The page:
Different patients have different needs
Emergency departments are stressful places. Attending an emergency department can be particularly stressful for vulnerable people, such as children and people living with dementia.
Michael Daley and Labor will improve the way emergency departments care for vulnerable people by introducing world-leading innovations to improve emergency departments – starting at Nepean Hospital.
Patients with dementia require special care
Dementia is an umbrella term used to describe a number of degenerative brain disorders which primarily affect older people. 
Dementia is one of the most important health issues our society faces:
- Around 400,000 people in Australia have dementia;
- 10 per cent of people over the age of 65 have a dementia diagnosis; and
- The prevalence of dementia is three times higher for Indigenous Australians. 
Patients with dementia are twice as likely to experience harm while they are in hospital.  The sources of harm can include falls, pressure injuries or infections. Because of this increased risk of harm, patients with dementia are twice as likely to die in hospital. 
Labor’s plan to provide specialised care for people with dementia
Labor will introduce a new model of care for people with dementia in emergency departments – starting at Nepean Hospital.
This new model will be based on the world-leading Geriatric Emergency Department which has operated at the Mount Sinai Hospital in New York since 2012. 
The new model will aim to minimise the noise and confusion which is common-place in emergency departments. This will help to reduce anxiety and disorientation for people with dementia.
Under the new model:
- Patients will continue to present to the emergency department for triage as they do now.
- Nursing staff will be trained to identify patients displaying signs of dementia as part of the triage process.
- Patients with a life-threatening, emergency or urgent condition will receive treatment immediately or in accordance with timeframes allowed by the Australasian Triage Scale.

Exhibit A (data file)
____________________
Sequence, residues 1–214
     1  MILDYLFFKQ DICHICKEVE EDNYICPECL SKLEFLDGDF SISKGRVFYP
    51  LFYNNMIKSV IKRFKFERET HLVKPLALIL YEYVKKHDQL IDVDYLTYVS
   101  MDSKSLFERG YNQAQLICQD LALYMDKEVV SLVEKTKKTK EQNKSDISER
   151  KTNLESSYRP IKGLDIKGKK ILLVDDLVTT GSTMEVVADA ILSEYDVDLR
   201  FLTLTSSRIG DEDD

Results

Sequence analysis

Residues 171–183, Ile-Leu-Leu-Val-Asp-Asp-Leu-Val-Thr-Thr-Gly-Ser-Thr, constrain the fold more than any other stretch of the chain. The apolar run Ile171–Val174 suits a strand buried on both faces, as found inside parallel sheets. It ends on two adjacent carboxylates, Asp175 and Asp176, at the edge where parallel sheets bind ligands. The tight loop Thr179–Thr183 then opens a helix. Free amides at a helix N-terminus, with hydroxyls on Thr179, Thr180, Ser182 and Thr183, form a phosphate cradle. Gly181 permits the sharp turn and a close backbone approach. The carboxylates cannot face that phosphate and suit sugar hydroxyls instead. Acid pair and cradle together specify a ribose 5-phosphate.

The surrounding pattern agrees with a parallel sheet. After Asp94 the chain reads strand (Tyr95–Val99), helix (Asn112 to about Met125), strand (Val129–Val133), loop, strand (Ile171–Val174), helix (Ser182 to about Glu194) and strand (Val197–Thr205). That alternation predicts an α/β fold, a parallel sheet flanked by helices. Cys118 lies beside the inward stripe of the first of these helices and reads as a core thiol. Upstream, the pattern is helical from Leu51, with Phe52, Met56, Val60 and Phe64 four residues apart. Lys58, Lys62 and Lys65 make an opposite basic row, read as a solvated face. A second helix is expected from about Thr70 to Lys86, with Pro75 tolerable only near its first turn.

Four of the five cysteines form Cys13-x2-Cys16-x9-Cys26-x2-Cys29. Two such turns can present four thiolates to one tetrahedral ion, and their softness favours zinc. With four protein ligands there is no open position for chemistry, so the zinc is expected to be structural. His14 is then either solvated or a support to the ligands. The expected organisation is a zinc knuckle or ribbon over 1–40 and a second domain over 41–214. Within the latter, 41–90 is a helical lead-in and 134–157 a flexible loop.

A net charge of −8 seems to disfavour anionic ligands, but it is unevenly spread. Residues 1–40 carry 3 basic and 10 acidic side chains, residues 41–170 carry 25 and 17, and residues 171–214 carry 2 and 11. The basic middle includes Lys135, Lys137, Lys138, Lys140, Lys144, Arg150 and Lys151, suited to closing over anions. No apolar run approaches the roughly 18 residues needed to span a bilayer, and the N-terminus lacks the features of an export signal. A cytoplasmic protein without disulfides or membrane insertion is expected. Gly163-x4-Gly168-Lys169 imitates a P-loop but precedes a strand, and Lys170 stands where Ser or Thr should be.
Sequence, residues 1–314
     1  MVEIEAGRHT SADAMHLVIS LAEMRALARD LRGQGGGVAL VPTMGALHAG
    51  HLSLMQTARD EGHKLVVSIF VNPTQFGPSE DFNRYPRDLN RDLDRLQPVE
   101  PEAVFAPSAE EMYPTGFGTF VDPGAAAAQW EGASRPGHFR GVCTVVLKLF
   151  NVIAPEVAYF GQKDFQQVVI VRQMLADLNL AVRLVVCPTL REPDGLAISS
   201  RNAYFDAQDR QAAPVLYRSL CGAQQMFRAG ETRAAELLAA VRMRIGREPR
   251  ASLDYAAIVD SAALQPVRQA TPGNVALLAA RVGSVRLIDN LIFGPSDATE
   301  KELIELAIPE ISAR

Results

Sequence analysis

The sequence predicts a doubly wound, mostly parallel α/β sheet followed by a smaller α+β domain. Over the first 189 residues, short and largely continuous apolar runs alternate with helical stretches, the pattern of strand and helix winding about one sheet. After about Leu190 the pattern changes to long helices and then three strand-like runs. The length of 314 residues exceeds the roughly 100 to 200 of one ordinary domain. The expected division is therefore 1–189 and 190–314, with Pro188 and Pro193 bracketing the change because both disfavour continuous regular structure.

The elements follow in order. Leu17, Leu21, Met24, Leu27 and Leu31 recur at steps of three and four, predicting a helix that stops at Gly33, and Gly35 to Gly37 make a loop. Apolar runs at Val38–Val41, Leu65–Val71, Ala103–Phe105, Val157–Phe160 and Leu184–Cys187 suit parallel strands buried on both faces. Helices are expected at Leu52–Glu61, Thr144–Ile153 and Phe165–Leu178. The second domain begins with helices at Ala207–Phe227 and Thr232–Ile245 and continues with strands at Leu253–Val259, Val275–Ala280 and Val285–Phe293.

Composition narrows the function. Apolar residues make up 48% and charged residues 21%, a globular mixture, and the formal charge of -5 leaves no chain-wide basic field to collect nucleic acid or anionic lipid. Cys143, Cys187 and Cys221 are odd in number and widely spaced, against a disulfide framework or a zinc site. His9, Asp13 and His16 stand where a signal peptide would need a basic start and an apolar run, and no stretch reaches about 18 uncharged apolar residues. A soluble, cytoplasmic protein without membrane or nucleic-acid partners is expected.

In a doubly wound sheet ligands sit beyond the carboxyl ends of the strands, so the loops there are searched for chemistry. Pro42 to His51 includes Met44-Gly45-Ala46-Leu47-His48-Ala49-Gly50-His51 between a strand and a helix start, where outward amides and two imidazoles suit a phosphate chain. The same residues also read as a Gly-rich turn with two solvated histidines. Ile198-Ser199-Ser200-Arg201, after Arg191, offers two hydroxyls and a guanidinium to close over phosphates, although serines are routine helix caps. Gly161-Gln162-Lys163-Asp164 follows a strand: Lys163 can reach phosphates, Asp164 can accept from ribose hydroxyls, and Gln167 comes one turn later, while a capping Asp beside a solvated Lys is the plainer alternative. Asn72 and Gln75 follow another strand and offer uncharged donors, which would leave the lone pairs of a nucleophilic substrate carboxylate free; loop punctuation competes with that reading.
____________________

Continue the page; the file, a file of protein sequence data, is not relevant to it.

- Patients who show signs of dementia and have a semi-urgent or non-urgent condition will be placed in a dedicated geriatric emergency room.
- Staff at the geriatric emergency room will have specialist training to provide geriatric and dementia care.
- All patients arriving at the geriatric emergency room will undergo a screening test for dementia and cognitive impairment.
- The geriatric emergency room will be specifically designed to reduce confusion, chaos, distress and poor outcomes for patients and their families.
Labor will establish an expert planning committee to develop specific guidelines for the design and operation of the geriatric emergency room. Features may include:
- Decreased ambient noise and the use of sound absorbing materials;
- Modified lighting, including a “skylight” to simulate sunlight during the day and minimise disorientation;
- Dim lighting at night to promote sleep;
- Reduced fall-risk adaptations through non-slip flooring and handrails;
- Large clocks, large signage and large print on any documents;
- Thicker mattresses;
- An iPad – if appropriate – attached to each bed which allows the patient to communicate with the nurse through touching images;
- Calming music; and
- Specific protocols for discharge, including follow-up procedures to reduce unscheduled return visits.
Labor’s plan to provide specialised care for children
Labor will also deliver better emergency department care for children by creating a paediatric room at Nepean Hospital’s emergency department.
The paediatric room will implement best-practice principles recommended by medical experts, including:
- The Standards for the Care of Children and Adolescents in Health Services published by the Royal Australasian College of Physicians; and
- The Australasian College for Emergency Medicine’s Statement on Hospital Emergency Department Services for Children. 
In accordance with these principles, children will be kept separate from other emergency department patients in a dedicated paediatric room.
The paediatric room will be decorated and furnished for children. It will include play equipment and entertainment facilities.
The design of the paediatric room will allow parents to remain with their child as much as possible.
The paediatric room will include specialist staff and equipment suitable for treating children and young people.
1 ED Dementia Care Training, Queensland University of Technology and the Alzheimer’s Australia Dementia Research Foundation, 2017, p. 4
2 ED Dementia Care Training, Queensland University of Technology and the Alzheimer’s Australia Dementia Research Foundation, 2017, p. 4
3 ED Dementia Care Training, Queensland University of Technology and the Alzheimer’s Australia Dementia Research Foundation, 2017, p. 16
4 ED Dementia Care Training, Queensland University of Technology and the Alzheimer’s Australia Dementia Research Foundation, 2017, p. 16
5 Geriatric Emergency Department, The Mount Sinai Hospital
6 Triage, Australasian College for Emergency Medicine
7 Standards for the Care of Children and Adolescents in Health Services, Royal Australasian College of Physicians, 18 November 2008
8 Statement on Hospital Emergency Department Services for Children, Australasian College for Emergency Medicine, July 2012